# 14.2.11 Class Domain¶

mosek.fusion.Domain

The Domain class defines a set of static method for creating various variable and constraint domains. A Domain object specifies a subset of $$\real^n$$, which can be used to define the feasible domain of variables and expressions.

For further details on the use of these, see Model.variable and Model.constraint.

Static members

Domain.axis – Set the dimension along which the cones are created.

Domain.binary – Creates a domain of binary variables.

Domain.equalsTo – Defines the domain consisting of a fixed point.

Domain.greaterThan – Defines the domain specified by a lower bound in each dimension.

Domain.inDExpCone – Defines the dual exponential cone.

Domain.inDGeoMeanCone – Defines the domain of dual geometric mean cones.

Domain.inDPowerCone – Defines the dual power cone.

Domain.inPExpCone – Defines the primal exponential cone.

Domain.inPGeoMeanCone – Defines the domain of primal geometric mean cones.

Domain.inPPowerCone – Defines the primal power cone.

Domain.inPSDCone – Creates a domain of Positive Semidefinite matrices.

Domain.inQCone – Defines the domain of quadratic cones.

Domain.inRange – Creates a domain specified by a range in each dimension.

Domain.inRotatedQCone – Defines the domain of rotated quadratic cones.

Domain.inSVecPSDCone – Creates a domain of vectorized Positive Semidefinite matrices.

Domain.integral – Creates a domain of integral variables.

Domain.isTrilPSD – Creates a domain of Positive Semidefinite matrices.

Domain.lessThan – Defines the domain specified by an upper bound in each dimension.

Domain.sparse – Use a sparse representation.

Domain.symmetric – Impose symmetry on a given linear domain.

Domain.unbounded – Creates a domain in which variables are unbounded.

Domain.axis
Domain.axis(ConeDomain c, int a) -> ConeDomain


Set the dimension along which the cones are created. If this conic domain is used for a variable or expression of dimension $$d$$, then the conic constraint will be applicable to all vectors obtained by fixing the coordinates other than $$a$$-th and moving along the $$a$$-th coordinate. If $$d=2$$ this can be used to define the conditions “every row of the matrix is in a cone” and “every column of a matrix is in a cone”.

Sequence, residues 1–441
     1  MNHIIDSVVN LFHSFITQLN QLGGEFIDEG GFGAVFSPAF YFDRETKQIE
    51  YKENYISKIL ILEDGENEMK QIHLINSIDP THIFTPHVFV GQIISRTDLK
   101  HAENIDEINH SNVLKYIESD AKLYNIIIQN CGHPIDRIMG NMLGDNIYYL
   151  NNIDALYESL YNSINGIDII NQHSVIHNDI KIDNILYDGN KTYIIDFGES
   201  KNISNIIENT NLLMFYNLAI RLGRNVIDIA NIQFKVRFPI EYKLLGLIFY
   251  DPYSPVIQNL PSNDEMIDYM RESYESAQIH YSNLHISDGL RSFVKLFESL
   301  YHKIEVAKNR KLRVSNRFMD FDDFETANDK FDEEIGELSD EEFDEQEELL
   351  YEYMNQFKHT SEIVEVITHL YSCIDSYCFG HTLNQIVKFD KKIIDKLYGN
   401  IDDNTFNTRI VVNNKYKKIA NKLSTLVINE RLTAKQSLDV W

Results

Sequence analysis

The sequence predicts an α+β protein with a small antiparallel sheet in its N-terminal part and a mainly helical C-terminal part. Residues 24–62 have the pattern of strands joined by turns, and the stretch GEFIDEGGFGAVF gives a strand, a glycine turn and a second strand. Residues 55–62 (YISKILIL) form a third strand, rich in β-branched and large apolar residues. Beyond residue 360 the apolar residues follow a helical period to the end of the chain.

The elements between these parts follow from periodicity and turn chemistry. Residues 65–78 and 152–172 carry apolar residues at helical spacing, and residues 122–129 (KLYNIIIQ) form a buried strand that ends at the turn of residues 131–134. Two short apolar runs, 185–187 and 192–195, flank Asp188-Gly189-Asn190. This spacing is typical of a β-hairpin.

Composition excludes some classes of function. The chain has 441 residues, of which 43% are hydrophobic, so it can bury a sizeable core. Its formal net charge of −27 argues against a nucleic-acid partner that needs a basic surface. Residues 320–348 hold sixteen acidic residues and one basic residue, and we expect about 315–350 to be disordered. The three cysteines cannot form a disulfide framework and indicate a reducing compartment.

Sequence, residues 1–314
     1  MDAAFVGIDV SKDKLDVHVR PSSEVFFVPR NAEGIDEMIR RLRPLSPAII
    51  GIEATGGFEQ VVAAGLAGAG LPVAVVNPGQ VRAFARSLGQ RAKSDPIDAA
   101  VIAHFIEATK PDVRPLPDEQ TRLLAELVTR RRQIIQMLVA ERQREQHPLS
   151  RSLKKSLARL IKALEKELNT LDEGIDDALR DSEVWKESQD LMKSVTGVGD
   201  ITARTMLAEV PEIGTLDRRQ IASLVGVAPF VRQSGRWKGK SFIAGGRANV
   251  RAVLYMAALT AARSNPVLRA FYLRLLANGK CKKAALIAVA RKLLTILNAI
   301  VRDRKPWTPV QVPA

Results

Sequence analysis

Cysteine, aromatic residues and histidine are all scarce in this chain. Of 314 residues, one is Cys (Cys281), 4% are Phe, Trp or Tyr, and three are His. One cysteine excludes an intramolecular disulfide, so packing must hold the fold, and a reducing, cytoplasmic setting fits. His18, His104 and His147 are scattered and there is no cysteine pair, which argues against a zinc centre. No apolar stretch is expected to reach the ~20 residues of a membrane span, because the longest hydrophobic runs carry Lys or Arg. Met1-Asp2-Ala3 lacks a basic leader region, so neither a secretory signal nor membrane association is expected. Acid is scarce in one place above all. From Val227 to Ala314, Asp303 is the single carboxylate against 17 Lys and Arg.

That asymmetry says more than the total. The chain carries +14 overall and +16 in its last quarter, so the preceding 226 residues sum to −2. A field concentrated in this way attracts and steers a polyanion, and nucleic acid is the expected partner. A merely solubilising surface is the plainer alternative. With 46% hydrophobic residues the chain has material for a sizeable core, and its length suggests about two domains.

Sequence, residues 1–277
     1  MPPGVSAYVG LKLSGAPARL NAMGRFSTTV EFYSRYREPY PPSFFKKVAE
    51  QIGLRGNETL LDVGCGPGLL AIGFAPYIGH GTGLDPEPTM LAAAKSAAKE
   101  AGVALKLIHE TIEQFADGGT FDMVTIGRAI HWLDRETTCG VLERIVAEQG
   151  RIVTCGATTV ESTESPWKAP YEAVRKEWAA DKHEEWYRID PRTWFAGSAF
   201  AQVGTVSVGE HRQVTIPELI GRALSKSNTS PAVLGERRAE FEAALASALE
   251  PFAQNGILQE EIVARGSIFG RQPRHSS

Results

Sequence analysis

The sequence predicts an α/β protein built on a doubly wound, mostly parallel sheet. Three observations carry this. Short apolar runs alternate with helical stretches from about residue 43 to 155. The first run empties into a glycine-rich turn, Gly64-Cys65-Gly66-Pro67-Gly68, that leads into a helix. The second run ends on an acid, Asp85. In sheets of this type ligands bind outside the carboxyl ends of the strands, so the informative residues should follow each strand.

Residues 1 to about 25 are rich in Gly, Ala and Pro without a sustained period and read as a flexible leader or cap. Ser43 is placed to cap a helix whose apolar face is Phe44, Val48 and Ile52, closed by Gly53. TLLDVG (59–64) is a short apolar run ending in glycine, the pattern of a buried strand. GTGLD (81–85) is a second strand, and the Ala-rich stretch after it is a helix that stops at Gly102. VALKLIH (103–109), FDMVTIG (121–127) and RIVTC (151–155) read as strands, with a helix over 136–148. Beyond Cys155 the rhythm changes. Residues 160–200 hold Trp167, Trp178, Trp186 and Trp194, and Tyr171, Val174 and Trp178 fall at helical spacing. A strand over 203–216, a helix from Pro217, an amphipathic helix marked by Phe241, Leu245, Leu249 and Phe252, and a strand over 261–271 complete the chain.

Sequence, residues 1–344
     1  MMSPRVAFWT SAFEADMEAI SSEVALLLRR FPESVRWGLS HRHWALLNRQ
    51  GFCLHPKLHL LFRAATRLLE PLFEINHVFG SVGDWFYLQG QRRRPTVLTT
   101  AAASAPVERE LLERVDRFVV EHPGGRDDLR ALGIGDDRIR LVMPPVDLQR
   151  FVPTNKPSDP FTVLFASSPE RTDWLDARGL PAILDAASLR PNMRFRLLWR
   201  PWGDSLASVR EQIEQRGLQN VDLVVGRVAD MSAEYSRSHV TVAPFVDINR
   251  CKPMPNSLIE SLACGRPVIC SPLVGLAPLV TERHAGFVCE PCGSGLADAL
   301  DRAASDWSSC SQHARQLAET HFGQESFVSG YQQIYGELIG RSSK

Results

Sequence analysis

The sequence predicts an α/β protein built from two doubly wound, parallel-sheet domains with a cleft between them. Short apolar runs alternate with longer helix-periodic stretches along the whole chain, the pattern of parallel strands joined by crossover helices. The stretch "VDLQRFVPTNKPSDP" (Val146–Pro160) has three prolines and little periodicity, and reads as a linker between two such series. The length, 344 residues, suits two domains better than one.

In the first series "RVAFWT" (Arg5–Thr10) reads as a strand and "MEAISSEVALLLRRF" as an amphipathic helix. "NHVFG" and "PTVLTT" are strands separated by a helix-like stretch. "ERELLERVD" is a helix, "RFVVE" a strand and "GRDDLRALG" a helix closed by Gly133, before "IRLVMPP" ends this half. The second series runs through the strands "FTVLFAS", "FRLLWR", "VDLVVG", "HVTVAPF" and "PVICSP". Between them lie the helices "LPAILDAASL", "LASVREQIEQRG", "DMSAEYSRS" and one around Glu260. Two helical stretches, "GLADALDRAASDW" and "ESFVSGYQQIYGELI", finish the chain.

The default is the last dimension $$a=d-1$$.

Parameters
Return
Domain.binary
Domain.binary(int n) -> RangeDomain
Domain.binary(int m, int n) -> RangeDomain
Domain.binary(int[] dims) -> RangeDomain
Domain.binary() -> RangeDomain


Create a domain of binary variables. A binary domain can only be used when creating variables, but is not allowed in a constraint. Another way of restricting variables to be integers is the method Variable.makeInteger.

Parameters
• n (int) – Dimension size.

• m (int) – Dimension size.

• dims (int[]) – A list of dimension sizes.

Return
Domain.equalsTo
Domain.equalsTo(float b) -> LinearDomain
Domain.equalsTo(float b, int n) -> LinearDomain
Domain.equalsTo(float b, int m, int n) -> LinearDomain
Domain.equalsTo(float b, int[] dims) -> LinearDomain
Domain.equalsTo(float[] a1) -> LinearDomain
Domain.equalsTo(float[][] a2) -> LinearDomain
Domain.equalsTo(float[] a1, int[] dims) -> LinearDomain
Domain.equalsTo(Matrix mx) -> LinearDomain


Defines the domain consisting of a fixed point.

Parameters
• b (float) – A single value. This is scalable: it means that each element in the variable or constraint is fixed to $$b$$.

• n (int) – Dimension size.

• m (int) – Dimension size.

• dims (int[]) – A list of dimension sizes.

• a1 (float[]) – A one-dimensional array of bounds. The shape must match the variable or constraint with which it is used.

• a2 (float[][]) – A two-dimensional array of bounds. The shape must match the variable or constraint with which it is used.

• mx (Matrix) – A matrix of bound values. The shape must match the variable or constraint with which it is used.

Return
Domain.greaterThan
Domain.greaterThan(float b) -> LinearDomain
Domain.greaterThan(float b, int n) -> LinearDomain
Domain.greaterThan(float b, int m, int n) -> LinearDomain
Domain.greaterThan(float b, int[] dims) -> LinearDomain
Domain.greaterThan(float[] a1) -> LinearDomain
Domain.greaterThan(float[][] a2) -> LinearDomain
Domain.greaterThan(float[] a1, int[] dims) -> LinearDomain
Domain.greaterThan(Matrix mx) -> LinearDomain


Defines the domain specified by a lower bound in each dimension.

Parameters
• b (float) – A single value. This is scalable: it means that each element in the variable or constraint is greater than or equal to $$b$$.

• n (int) – Dimension size.

• m (int) – Dimension size.

• dims (int[]) – A list of dimension sizes.

• a1 (float[]) – A one-dimensional array of bounds. The shape must match the variable or constraint with which it is used.

• a2 (float[][]) – A two-dimensional array of bounds. The shape must match the variable or constraint with which it is used.

• mx (Matrix) – A matrix of bound values. The shape must match the variable or constraint with which it is used.

Return
Domain.inDExpCone
Domain.inDExpCone() -> ConeDomain